Libby lays down martial law

A HIGHER Crompton schoolgirl has been nominated for recognition as the UK’s most promising martial arts exponent.

Libby Genge and Sophie Cox

Libby Genge, who specialises in Brazilian jiu-jitsu and judo, is one of 14 hopefuls in line to become the coveted ‘Warrior Collective Young Martial Artist of the Year’.
A video featuring the Crompton House pupil’s achievements will be posted online and the public asked to vote for their winner.
Recognised as one of the top five UK fighters, Libby is heading to the US on Sunday, February 18 to compete against the world’s best at the Pan American Kids’ Championship.
She could eventually become an Olympian with the sport of Brazilian jiu-jitsu pushing for inclusion at the 2024 Games in Paris.
Proud dad Paul says: “The winner of the public vote gets funding towards training / competing and equipment.
“Brazilian Jiu-jitsu came from Judo prior to it got altered as part of the

Gold for Sophie in Moscow

Olympic movement and has been made famous through early pioneers using it with great success in the UFC (Ultimate Fighting Championship) and other MMA (Mixed Martial Arts) events.
“Like judo, it focuses on grappling and uses takedowns and a variety of submissions to incapacitate an opponent.”
Libby has already travelled extensively in her bid to become the best including a gold medal winning trip to Moscow last year for the Gymnasium Cup.
She trains an average 15 hour a week with the Stealth BJJ Club in Chadderton and also at Bacup Judo Club alongside former double Olympian, Sophie Cox.
It’s a far cry when her exercise routine was centred around ball room dancing.
“I would rather learn to fight than dance,” she explained after converting to martial arts.
And it’s not been success all the way for Libby. Initially outclassed by a multiple British champion, she responded with extra BJJ training sessions and took up judo to improve her takedown skills.
Her first success was at a North West Brazilian Jiu-jitsu League event where organisers couldn’t match her with any girls. Fighting boys did not frighten Libby and she beat two of them to take gold.

Libby wins Gold in Europeans

To get access to more instruction Libby and family moved to Stealth Manchester where she was able to train alongside the adults and has the opportunity to train seven days a week and for several hours a session.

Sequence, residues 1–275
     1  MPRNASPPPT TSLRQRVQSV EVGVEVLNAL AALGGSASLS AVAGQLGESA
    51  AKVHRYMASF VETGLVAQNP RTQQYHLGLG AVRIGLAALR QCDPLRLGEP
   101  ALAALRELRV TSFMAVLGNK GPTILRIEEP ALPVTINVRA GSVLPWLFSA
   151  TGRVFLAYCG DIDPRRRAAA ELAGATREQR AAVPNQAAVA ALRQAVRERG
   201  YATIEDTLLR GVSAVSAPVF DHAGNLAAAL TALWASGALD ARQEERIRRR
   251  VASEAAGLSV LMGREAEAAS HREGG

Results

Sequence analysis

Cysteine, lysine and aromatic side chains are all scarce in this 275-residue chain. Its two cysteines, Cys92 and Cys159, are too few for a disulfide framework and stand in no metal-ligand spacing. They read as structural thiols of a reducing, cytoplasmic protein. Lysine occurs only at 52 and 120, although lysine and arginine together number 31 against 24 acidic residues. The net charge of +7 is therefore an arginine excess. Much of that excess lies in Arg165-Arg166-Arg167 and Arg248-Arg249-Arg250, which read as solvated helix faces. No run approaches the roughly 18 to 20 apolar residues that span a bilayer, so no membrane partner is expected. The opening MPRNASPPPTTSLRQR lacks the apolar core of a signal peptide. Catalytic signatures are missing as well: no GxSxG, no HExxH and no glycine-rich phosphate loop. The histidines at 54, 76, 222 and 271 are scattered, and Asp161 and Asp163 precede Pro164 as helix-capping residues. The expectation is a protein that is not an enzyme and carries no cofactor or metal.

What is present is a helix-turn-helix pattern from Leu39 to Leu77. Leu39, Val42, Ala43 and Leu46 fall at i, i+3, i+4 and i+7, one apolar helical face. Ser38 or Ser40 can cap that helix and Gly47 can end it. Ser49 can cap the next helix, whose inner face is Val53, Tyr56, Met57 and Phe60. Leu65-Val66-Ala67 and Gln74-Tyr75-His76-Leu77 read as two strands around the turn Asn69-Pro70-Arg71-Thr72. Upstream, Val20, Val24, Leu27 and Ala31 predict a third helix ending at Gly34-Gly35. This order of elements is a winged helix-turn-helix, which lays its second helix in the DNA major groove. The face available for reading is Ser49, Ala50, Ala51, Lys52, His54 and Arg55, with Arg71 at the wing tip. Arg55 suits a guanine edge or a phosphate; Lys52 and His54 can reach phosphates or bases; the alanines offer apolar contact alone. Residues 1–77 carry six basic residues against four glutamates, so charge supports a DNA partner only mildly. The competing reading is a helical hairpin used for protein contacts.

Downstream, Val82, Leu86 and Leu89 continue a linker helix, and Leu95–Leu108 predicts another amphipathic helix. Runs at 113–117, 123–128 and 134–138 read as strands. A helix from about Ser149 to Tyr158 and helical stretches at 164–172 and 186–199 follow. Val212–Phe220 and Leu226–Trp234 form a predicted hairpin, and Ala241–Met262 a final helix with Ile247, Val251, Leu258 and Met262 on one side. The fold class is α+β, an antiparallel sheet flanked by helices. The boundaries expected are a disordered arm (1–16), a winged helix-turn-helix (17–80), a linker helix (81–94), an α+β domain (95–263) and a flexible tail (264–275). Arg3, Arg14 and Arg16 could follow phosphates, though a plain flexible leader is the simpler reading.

Libby is now a member of the UK Elite Youth Squad and has also represented Stealth and the UK Elite Squad at competitions in the UK and across the world.
“Her trip to Russia was particularly noteworthy,” says Paul. “She was the first child from the UK to compete in a Brazilian jiu-jitsu competition in that country.
Though the competition was held under the IBJJF rule set it had national team members from judo, sambo and jiu-jitsu teams that came from all over Russia and a number of the other old Soviet bloc countries.
“This made the standard of grappling incredibly high, but Libby took gold after two tough matches.”
On the latest trip to the States, Paul says: “This event is the largest Brazilian Jiu-jitsu competition for kids in the world.
“Last year Libby fought up an age at this competition and took home bronze
“She looks forward to the challenge of bringing home a gold next time and is training hard in preparation for this event.”
Libby also continues to train two judo sessions a week and also competes in it when her BJJ competition schedule allows.
She is part of the North West judo squad having won the North West championship. She has also competed in her first international Judo competition at the Southend Open last year where she took a bronze.
“Libby’s interest in martial arts goes beyond competition.,” confirms Paul. “She loves to help develop the younger and less experienced members at Stealth BJJ.
“Ultimately, she aspires to being a full-time coach. In class it is not uncommon to see Libby helping out the younger players and she is a great role model for them on and off the mat.”

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